ORIGINAL RESEARCH article
Remember Hard But Think Softly: Metaphorical Effects of Hardness/Softness on Cognitive Functions
- 1Center for Studies of Psychological Application, School of Psychology, South China Normal University, Guangzhou, China
- 2Guangdong Provincial Key Laboratory of Mental Health and Cognitive Science, South China Normal University, Guangzhou, China
- 3School of Psychology, University of East Anglia, Norwich, UK
- 4Department of Experimental Psychology, University College London, London, UK
Previous studies have found that bodily stimulation, such as hardness biases social judgment and evaluation via metaphorical association; however, it remains unclear whether bodily stimulation also affects cognitive functions, such as memory and creativity. The current study used metaphorical associations between “hard” and “rigid” and between “soft” and “flexible” in Chinese, to investigate whether the experience of hardness affects cognitive functions whose performance depends prospectively on rigidity (memory) and flexibility (creativity). In Experiment 1, we found that Chinese-speaking participants performed better at recalling previously memorized words while sitting on a hard-surface stool (the hard condition) than a cushioned one (the soft condition). In Experiment 2, participants sitting on a cushioned stool outperformed those sitting on a hard-surface stool on a Chinese riddle task, which required creative/flexible thinking, but not on an analogical reasoning task, which required both rigid and flexible thinking. The results suggest the hardness experience affects cognitive functions that are metaphorically associated with rigidity or flexibility. They support the embodiment proposition that cognitive functions and representations can be grounded in bodily states via metaphorical associations.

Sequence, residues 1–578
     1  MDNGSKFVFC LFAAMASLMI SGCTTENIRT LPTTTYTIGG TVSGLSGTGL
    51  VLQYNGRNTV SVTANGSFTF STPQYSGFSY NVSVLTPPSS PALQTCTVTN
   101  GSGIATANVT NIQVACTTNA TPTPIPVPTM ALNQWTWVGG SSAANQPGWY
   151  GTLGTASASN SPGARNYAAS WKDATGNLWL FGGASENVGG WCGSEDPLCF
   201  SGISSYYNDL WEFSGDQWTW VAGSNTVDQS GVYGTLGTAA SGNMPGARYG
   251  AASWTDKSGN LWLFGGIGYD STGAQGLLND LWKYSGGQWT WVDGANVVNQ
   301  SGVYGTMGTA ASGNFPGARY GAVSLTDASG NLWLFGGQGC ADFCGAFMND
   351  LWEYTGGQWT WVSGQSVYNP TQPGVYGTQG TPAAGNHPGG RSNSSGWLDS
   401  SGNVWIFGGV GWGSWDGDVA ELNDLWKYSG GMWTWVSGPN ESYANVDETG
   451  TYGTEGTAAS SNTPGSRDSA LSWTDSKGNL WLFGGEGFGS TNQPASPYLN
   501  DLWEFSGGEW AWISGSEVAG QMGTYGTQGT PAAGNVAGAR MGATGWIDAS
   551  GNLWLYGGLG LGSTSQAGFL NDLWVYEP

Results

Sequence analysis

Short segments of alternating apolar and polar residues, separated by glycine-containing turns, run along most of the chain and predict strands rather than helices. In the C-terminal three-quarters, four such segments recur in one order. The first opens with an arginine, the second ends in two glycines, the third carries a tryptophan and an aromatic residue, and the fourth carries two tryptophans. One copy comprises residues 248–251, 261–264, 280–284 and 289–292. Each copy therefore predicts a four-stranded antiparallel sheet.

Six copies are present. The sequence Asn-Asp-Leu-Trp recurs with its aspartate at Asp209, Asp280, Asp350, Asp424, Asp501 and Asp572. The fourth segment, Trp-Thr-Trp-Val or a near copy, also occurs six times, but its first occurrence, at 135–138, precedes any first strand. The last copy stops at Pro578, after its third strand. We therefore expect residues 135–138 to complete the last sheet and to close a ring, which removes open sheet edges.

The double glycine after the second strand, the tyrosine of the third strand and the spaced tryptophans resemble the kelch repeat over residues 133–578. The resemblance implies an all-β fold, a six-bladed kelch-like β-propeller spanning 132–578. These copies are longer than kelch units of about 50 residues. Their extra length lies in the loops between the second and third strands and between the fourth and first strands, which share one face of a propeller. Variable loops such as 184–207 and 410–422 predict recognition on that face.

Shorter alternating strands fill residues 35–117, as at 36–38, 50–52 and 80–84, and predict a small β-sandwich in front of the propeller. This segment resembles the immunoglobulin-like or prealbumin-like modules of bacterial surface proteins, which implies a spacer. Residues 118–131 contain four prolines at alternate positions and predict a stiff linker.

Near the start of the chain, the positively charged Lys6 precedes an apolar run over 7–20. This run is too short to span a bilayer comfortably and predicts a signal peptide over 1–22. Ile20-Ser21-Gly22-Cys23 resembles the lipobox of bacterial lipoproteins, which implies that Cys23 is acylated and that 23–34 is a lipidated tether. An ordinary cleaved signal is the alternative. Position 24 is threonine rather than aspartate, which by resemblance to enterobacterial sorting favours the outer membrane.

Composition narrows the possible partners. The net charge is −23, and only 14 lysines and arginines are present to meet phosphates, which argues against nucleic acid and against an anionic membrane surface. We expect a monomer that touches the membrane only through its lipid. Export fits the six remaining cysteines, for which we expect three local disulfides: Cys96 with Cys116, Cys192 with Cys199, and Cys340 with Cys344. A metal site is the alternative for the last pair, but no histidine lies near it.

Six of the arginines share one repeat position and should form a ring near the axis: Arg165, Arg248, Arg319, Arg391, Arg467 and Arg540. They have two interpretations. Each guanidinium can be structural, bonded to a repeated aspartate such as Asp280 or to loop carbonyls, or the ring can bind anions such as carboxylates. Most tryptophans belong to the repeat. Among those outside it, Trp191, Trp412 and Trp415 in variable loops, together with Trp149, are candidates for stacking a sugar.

Traditional theories of cognition take a dualist approach to the mind and the body. To use a computer metaphor, the mind and its cognitive functions are equated with the operational system and the algorithms whereas the body is assumed to function like the hardware (e.g., the keyboard and monitor) (Pylyshyn, 1984; Neisser, 2014). This approach implies that the mind is independent of the body, just as a software package is independent of a computer’s physical settings. Such a dualist assumption has been challenged by a more recent embodied cognition approach, which assumes that the body plays a key role in shaping how the mind works (Lakoff and Johnson, 1980b; Kövecses, 2003; Barsalou, 2008; Landau et al., 2010; Meier et al., 2012). Over the past decade, research has converged to suggest that knowledge represented in our long-term memory consists of bodily or sensorimotor experiences acquired from interactions with the physical world (Mandler, 1992; Barsalou, 2003). From the beginning of human life, representations and understanding of the outside world are developed through interactions between sensorimotor systems and the environment (Smith, 2005). Thus, higher cognitive functions, such as memory, language, and reasoning, are grounded in perceptual, motor, and introspective contents instead of symbolic representations (Lakoff and Johnson, 1980b; Gallese, 2005, 2007; Barsalou, 2008; Barsalou, 2009, 2010; Gallese and Sinigaglia, 2011).